While actress Jennifer Garner likely stands out in our collective memories as the lead of classic rom-com “13 Going on 30,” she has also been a vocal partner of Save the Children for over a decade.
As an Artist Ambassador for the NGO, this work has taken Garner across the country to bring the organization’s early childhood education programs to West Virginia and advocate to lawmakers in Arkansas, California, Kentucky, Mississippi, South Carolina, Tennessee, and Washington.
Most recently, she made a trip to Bloomfield, New Mexico, to meet with members of the Navajo Nation and the state legislature to drum up support for Save the Children programs.
First, she made a visit to Central Primary Schools in Bloomfield and was greeted by swaths of excited students and teachers. Third grade teacher Adele Gutierrez shared a video of Garner walking the halls on her Facebook page.
“My 3rd grade class was excited,” Gutierrez wrote.
In a quieter part of the school, Garner also joined Navajo leaders for a meal.
“She had some traditional Diné foods for lunch! Naashjizhii (Steamed Corn) Mutton Stew w/frybread, Chííł Chin (Sumac) pudding, Tąą’niil (Blue Corn Mush) & Navajo Tea,” Indigenous community member Graham Tome Biyáál tweeted.
“She was in town with Mark Kennedy Shriver,” Biyáál continued. “They are working with schools and families in rural areas to increase student access to books, literacy programs, and developing educational support programs. So so so cool.”
Garner was later joined by Mark Kennedy Shriver on the floor of the New Mexico state house, transparently noting that “we are here trying to shore up some state funding.”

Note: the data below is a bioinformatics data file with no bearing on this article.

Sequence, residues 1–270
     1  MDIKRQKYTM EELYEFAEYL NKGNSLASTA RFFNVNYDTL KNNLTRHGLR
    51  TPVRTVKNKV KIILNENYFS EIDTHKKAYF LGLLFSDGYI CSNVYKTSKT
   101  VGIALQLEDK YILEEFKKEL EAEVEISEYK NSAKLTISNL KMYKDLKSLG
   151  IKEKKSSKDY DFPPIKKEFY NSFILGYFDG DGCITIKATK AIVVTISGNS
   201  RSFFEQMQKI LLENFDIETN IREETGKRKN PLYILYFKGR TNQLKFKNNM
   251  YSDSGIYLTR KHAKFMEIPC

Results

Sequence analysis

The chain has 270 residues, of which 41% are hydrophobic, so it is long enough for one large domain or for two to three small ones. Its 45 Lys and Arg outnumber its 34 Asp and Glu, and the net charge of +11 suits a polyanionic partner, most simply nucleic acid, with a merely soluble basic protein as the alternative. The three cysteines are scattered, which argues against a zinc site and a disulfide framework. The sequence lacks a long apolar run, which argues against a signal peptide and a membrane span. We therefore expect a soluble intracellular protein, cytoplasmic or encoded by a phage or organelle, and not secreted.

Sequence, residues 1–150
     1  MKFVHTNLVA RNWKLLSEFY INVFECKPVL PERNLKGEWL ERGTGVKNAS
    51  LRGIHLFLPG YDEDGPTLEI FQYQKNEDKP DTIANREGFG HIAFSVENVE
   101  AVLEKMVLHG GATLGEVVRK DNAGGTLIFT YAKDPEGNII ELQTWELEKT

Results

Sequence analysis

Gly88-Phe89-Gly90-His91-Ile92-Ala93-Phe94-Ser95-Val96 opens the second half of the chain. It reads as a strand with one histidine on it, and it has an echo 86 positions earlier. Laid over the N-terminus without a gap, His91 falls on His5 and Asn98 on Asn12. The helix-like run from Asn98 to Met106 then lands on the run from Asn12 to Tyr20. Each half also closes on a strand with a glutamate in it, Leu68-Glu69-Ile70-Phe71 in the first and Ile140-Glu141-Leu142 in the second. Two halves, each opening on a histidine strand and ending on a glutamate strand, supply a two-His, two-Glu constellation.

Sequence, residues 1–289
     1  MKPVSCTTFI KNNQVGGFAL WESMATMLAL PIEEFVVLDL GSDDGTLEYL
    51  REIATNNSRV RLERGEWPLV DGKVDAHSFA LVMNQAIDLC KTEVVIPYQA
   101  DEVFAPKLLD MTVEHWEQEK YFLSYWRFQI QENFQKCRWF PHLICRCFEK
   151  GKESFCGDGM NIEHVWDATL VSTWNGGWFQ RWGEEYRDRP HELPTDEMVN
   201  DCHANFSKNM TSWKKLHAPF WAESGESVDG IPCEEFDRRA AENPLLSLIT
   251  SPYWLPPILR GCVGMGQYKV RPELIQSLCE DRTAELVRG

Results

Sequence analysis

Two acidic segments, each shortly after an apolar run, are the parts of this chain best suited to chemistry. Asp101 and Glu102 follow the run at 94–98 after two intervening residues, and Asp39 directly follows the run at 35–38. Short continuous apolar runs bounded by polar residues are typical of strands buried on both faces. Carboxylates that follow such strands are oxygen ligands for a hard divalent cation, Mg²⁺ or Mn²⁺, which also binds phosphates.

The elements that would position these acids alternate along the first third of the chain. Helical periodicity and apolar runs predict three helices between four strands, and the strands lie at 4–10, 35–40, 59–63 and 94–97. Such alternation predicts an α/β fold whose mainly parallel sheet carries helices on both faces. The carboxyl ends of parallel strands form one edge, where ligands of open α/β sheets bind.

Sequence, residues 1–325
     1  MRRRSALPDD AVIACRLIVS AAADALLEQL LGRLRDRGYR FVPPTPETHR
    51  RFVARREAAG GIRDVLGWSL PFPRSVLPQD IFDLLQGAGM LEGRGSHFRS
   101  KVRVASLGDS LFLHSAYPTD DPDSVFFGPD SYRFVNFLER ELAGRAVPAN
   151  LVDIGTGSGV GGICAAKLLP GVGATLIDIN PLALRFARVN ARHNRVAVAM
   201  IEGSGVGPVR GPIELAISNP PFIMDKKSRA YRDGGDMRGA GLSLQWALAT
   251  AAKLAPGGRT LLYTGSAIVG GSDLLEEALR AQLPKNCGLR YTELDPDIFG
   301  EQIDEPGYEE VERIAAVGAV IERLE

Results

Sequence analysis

“We were told that Save the Children has been changing the community in the short time that it’s been there,” she told lawmakers, following her visit to school programs in the community.
“It makes the kids and teachers and families feel like they matter, like somebody sees them, that somebody cares for them.”
This is not the first time Garner has been vocal in her support of Indigenous communities. In 2020, she worked with Save the Children to visit Mono Tribal land in California, supporting families who were most impacted by the COVID-19 pandemic, as well as destructive wildfires in the region.
“On this trip, I saw capable and loving leadership from Big Sandy Rancheria’s Tribal Chairperson Liz Kipp, I helped deliver a celebrated truckload of necessities … and I participated in a prayer and offering to the burned tribal land,” Garner shared in a Facebook post.
“All of this sent me home feeling extra grateful and certain of the good in our beautiful country.”
Garner’s organic food company, Once Upon A Farm, also helps provide support to impoverished Americans through a partnership with Save the Children. The company has donated nearly 500,000 meals to food-insecure communities and has a goal of delivering a million nutritious meals by 2025.
“Our efforts support Save the Children’s early education and nutrition programs that help kids reach their full potential for a happier, healthier tomorrow,” the brand’s website shares.
Between personal philanthropy, community engagement, and outspoken political support, Garner’s work in Bloomfield appeared to be celebrated and appreciated by locals.
New Mexico Senate President Pro Tem Mimi Stewart introduced Shriver and Garner upon their visit to the state house earlier this week.
“Garner has been a champion for Save the Children for nearly 15 years,” Stewart said. “She’s a true advocate for children experiencing poverty in rural America and promotes the importance of literacy, nutrition, and early education efforts as platforms for children to thrive as learners and in life.”
Header images courtesy of El Harvey and Sia Correa Hemphill